The Media: Carriers of Contagious Information
The media play a critical role in modern society because they are the carriers of information about how people behave. And, the evidence from social science is clear that information about others’ behavior can have a contagious effect—leading observers to behave similarly, which can lead still more and more observers to conform (Cialdini, 2001). In the economic arena, marketing professionals understand how to harness this power. Television commercials depict crowds rushing into stores and hands depleting shelves of the product. Advertisers proclaim their products as the “largest selling” or “fastest growing” in the market. Restaurant owners designate certain menu items as “our most popular,” which immediately makes them even more popular. Consider the advice offered more than 350 years ago by the Spaniard Balthazar Gracian (1649/1945) to those wishing to sell goods:
Their intrinsic worth is not enough, for not all turn the goods over and
look deep. Most run where the crowd is—because the others run. (p. 124)
For instance, in 1761, London experienced two moderate sized earthquakes exactly a month apart. Convinced by this coincidence that a third, much larger quake would occur in another month, a soldier named Bell began spreading his prediction that the city would be destroyed on the fifth of April. At first, few paid him any heed. But those who did took the precaution of moving their families and possessions to surrounding areas. The sight of this small exodus stirred others to follow, which in cascading waves over the next week led to near panic and a large-scale evacuation. Great numbers of Londoners streamed into nearby villages, paying outrageous prices for any accommodations. Included in the terrified throngs were “hundreds who had laughed at the prediction a week before, but who packed up their goods, when they saw others doing so, and hastened away” (MacKay, 1841/1932, p. 260).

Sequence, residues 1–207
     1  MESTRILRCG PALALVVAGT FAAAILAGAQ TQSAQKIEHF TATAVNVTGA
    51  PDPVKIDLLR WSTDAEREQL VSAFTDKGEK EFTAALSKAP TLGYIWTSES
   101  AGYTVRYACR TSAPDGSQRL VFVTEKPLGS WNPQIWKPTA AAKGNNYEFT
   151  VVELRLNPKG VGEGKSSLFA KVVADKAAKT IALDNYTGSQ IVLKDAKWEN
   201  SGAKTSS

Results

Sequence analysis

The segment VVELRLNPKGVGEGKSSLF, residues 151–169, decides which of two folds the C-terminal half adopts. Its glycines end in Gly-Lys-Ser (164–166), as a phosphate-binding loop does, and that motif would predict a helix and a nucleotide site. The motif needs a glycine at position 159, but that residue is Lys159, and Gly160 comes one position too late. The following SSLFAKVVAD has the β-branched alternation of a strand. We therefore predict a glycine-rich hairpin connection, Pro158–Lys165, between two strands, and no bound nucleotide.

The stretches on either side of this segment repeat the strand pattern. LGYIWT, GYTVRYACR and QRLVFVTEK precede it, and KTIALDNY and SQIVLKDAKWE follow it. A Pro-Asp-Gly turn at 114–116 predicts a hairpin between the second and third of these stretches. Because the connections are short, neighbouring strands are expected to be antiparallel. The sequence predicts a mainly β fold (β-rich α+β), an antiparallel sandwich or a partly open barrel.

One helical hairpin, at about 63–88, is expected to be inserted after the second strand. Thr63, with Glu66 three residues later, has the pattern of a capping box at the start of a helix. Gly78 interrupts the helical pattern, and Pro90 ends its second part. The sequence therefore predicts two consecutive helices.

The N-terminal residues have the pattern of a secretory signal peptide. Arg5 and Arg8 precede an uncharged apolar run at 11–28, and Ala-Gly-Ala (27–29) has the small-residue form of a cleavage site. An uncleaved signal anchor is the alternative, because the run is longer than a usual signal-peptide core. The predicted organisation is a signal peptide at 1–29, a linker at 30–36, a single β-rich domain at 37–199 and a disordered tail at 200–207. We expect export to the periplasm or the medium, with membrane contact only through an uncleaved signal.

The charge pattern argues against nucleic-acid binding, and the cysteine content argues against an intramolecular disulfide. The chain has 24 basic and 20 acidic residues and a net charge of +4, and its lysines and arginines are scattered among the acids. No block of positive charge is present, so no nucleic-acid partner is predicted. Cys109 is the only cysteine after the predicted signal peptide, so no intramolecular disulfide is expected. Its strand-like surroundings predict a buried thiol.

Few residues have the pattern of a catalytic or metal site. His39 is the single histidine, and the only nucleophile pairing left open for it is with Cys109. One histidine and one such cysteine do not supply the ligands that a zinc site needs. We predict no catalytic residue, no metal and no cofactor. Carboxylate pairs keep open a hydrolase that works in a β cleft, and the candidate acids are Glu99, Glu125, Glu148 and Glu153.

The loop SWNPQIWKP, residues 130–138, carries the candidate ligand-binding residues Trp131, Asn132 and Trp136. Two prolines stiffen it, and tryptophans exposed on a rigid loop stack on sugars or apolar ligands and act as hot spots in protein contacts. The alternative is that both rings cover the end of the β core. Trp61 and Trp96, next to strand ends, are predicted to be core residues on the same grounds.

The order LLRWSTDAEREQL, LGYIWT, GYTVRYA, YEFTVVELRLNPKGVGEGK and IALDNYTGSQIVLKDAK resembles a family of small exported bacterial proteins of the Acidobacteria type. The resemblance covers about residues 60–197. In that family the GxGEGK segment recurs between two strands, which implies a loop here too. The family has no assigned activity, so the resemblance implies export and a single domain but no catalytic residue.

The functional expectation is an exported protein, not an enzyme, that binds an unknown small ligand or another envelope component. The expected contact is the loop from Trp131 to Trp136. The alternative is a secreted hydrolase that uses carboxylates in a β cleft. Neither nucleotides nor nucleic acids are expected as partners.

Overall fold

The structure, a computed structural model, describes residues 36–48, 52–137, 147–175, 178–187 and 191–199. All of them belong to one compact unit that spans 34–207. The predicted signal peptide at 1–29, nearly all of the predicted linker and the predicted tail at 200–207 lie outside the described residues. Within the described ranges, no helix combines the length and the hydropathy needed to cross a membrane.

After the designated day dawned and died without a tremor, the fugitives returned to the city furious at Mr. Bell for leading them astray. As MacKay’s description makes clear, however, their anger was misdirected. It was not the crackpot Bell who was most convincing. It was the Londoners themselves, each to the other.
Most people feel that behaviors become more valid when many others are performing them. In instances of mass delusions, this social validation extends to wildly irrational acts that seem to reflect correct choices not because of any hard evidence in their favor but merely because multiple others seem to have chosen them. Thus, the media should take care in the depictions of panics, as those depictions are not only likely to reflect the panic but to incite it as well.
Besides the number of others who have performed an action, there is another feature of others that makes their actions contagious—similarity. People follow the actions of others who are like them. Here, again, the media must exercise caution—this time in the presentation of self-destructive behaviors, as these behaviors can take on a copycat character. For example, after highly publicized suicide stories appear in the media, the suicide rate jumps in those areas that have been exposed to the stories (Phillips, 1989). Apparently, certain troubled individuals imitate the actions of other troubled individuals in the act of suicide. What is the evidence that this increase in self-inflicted deaths comes from the tendency to look to similar others for direction? Copycat suicides are more prevalent among people who are similar in age and sex to the victim in the previously publicized suicide story. For instance, following a German television story of a young man who killed himself by leaping in front of a train, railway suicides increased dramatically, but only among other young German men (Schmidtke & Hafner, 1988).
By no means am I suggesting that the media should be censored in the reporting of news of genuine value. But, media representatives can reduce the negative societal consequences of events such as panics and suicides by reducing the repetitiousness and sensationalism of their coverage. Otherwise, they may be guilty of two sins: distorting and intensifying the impact of these events.
Cialdini, R. B. (2001). Influence: Science and practice. (4th Ed.). Boston: Allyn & Bacon.